Impacts of product design on consumers’ perceptions
In our modern societies, consumers are constantly having to choose products from wide ranges of possible alternatives, but with limited “resources” (in terms of time, motivation, and/or mental capacity). In such a context, the appearance of a product is crucial as it can largely influence consumers’ perceptions “automatically”, without requiring the increased levels of resources typically needed for examining explicit (written) information. This project will investigate how specific product design elements (e.g. shape, images) can influence consumers’ responses (e.g. emotion, health- or sustainability-related thoughts, sensory perceptions) at an “unconscious” level. It will be based on experimental studies carried out in laboratory and using methods drawn from the field of cognitive neuroscience. Example of related reading: https://doi.org/10.1016/j.jretconser.2019.101935
Applications should be submitted online before 31 July 2020 and must include the following:
A pre-selection will be made amongst the submitted applications.
In a further step, shortlisted candidates will have to provide additional information including a letter of recommendation by professors familiar with the applicant’s academic legal training commenting on the applicant’s personal skills and ability to conduct academic research.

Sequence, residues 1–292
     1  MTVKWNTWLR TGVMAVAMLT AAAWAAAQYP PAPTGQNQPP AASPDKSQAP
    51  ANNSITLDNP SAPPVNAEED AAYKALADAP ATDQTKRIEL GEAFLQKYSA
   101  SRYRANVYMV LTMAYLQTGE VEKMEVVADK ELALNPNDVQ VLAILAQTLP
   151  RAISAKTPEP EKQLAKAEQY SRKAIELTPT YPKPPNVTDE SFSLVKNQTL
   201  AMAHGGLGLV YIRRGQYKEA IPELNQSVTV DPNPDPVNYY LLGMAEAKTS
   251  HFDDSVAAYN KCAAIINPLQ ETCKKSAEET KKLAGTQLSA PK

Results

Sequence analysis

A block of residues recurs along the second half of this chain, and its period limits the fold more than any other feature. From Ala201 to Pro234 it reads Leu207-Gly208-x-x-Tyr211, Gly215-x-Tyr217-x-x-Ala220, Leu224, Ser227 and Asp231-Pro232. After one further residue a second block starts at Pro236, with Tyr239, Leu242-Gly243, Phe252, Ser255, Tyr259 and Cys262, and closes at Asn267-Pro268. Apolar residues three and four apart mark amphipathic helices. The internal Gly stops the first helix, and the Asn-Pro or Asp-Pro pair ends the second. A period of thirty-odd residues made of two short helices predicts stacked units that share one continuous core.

REQUIRED EDUCATION LEVEL
Management sciences: Master Degree or equivalent
Psychological sciences: Master Degree or equivalent
Only candidates who meet all these requirements will be considered.
In addition to these formal requirements, shortlisted candidates will be evaluated on the basis of their CV, their academic references, and an interview.
|Title||PhD grant in the area of Marketing / Consumer psychology (Impacts of product design)|
|Employer||Université catholique de Louvain|
|Job location||Place de l'Université 1, 1348 Louvain-La-Neuve|
|Published||June 2, 2020|
|Application deadline||July 31, 2020|
|Job types||PhD  |
|Fields||Marketing,   Neuropsychology,   Economic Psychology,   Behavioural Economics,   Consumer Economics,   Applied Psychology,   Behavioural Science,   Experimental Psychology,   Media Psychology,    and 1 more. Social Psychology  |